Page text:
Tuesday, December 19, 2006

From Ashkenaz to Canaan, around Hagar, past Loez and on to Yavan

Mississippi Fred MacDowell

This is a map of medieval Europe as seen by its Jews. (You can click the image to view a larger version)

While its commonly known that Jews designated Spain "Sepharad" and Germany "Ashkenaz" and perhaps also that France was known as "Tzarfat", that Hungary was known as "Hagar" or the Slavic lands as "Canaan" and so forth is less well known.

The principle at play was that a place name from Tanakh was assigned to a territory
(The Jewish names for Hungary and Italy were not place names.) While Yavan (Ionia) does refer to Greek territory in the Torah and Talmud, obviously the Slavic lands were not "Canaan". In that case, the association was actually with the slave trade associated with the Slave-ic lands. Others, like Hagar and Tzarfat were soundalike wordplays (e.g., Tzarfat/ Francia). Sepharad, it would seem, was also a wordplay, the s and ph invoking Spania.

It's plain from the contexts in which places like Tzarfat, Sepharad and Ashkenaz are used that in Tanakh these are locales in the Near East and not the European places that later were designated by those names.

For example, Ovadiah 1:20
And the captivity of this host of the children of Israel, that are among the Canaanites, even unto Zarephath, and the captivity of Jerusalem, that is in Sepharad, shall possess the cities of the South.

As for Ashkenaz, the question is how the great-grandson of Noah came to be associated with the Germanic lands (and eventually most of Europe). In Yirmiyah 51:27 ("Set ye up a standard in the land, blow the horn among the nations, prepare the nations against her, call together against her the kingdoms of Ararat, Minni, and Ashkenaz") it is given as Turkic. If Yafeth was traditionally regarded as the father of the European peoples, why should an obscure one of his sons, Ashkenaz, take the title?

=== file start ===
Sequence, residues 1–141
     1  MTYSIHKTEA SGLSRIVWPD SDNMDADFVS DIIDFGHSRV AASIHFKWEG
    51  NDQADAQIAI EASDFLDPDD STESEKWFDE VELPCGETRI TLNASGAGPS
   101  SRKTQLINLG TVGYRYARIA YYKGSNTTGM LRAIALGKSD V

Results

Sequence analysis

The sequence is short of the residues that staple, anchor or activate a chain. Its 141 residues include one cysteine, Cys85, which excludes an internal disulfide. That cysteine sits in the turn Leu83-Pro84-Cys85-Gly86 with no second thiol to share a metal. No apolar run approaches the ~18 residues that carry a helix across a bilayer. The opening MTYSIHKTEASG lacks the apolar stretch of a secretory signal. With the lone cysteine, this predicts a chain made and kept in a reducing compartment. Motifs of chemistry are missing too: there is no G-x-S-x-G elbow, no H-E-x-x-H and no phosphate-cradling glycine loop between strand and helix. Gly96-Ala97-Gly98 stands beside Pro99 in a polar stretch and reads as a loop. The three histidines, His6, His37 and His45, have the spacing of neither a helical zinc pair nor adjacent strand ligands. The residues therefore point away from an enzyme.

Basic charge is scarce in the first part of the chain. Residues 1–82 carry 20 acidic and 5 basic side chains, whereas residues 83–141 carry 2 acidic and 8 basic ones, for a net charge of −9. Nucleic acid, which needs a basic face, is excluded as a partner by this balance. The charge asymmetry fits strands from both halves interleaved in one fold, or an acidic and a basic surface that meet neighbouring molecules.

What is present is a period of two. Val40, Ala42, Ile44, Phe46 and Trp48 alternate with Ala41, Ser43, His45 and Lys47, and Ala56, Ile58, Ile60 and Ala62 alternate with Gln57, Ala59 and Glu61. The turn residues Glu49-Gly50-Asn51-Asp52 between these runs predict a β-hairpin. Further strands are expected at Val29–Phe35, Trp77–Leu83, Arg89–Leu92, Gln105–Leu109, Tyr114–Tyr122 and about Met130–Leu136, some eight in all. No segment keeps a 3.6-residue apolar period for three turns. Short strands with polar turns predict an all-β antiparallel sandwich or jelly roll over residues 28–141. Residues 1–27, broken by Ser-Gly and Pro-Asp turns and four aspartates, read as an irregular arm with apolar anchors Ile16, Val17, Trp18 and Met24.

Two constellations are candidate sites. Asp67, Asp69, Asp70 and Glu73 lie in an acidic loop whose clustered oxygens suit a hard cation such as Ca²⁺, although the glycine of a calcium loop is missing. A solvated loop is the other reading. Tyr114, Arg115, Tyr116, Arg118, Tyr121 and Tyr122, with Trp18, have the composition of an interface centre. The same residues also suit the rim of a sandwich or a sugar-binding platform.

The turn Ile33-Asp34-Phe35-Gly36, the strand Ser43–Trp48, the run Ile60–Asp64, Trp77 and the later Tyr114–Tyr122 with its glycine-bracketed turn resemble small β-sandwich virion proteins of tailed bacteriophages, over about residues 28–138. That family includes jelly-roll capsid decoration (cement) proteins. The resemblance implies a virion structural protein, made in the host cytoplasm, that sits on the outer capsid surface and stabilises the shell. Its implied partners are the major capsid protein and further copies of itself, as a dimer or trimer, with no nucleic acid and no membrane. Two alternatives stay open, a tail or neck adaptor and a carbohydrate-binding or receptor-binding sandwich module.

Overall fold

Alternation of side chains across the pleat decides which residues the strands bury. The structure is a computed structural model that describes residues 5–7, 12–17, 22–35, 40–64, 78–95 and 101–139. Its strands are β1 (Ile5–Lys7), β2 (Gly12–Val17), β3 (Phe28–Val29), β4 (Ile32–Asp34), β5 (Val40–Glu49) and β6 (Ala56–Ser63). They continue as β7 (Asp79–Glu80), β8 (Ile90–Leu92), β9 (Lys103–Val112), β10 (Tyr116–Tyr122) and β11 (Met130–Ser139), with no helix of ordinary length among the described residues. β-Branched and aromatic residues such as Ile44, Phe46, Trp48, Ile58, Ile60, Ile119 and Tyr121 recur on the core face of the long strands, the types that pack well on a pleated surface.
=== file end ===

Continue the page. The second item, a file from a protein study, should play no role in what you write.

Jewish sources in antiquity, such as Targum Yonathan, identify Gomer (a brother of Ashkenaz) with "Germania", presumably a place in the Near East, as Gomer (like Yavan) was associated with the Asian Minor territories. It obviously isn't a great leap from Germania to Germany. It seems that the Ashkenaz of the Torah was identified with the territory called Scandia (the old name for Scandinavia, north of Germany) by an early date. In fact, many Christian Bibles to this day comment on the name Ashkenaz of its association with Scandinavia. Presumably the association came because of the s, k and n sounds. Maybe the name Ashkenaz 'migrated' south when Jews came to live there. (This he'ara from Dovid Katz's 'Words On Fire')

Eventually, the two Jewish cultures of Europe that "made it" were Sepharad and Ashkenaz, such that the memory of when European Jews were not just Ashkenazim but also Canaanim has long receded.

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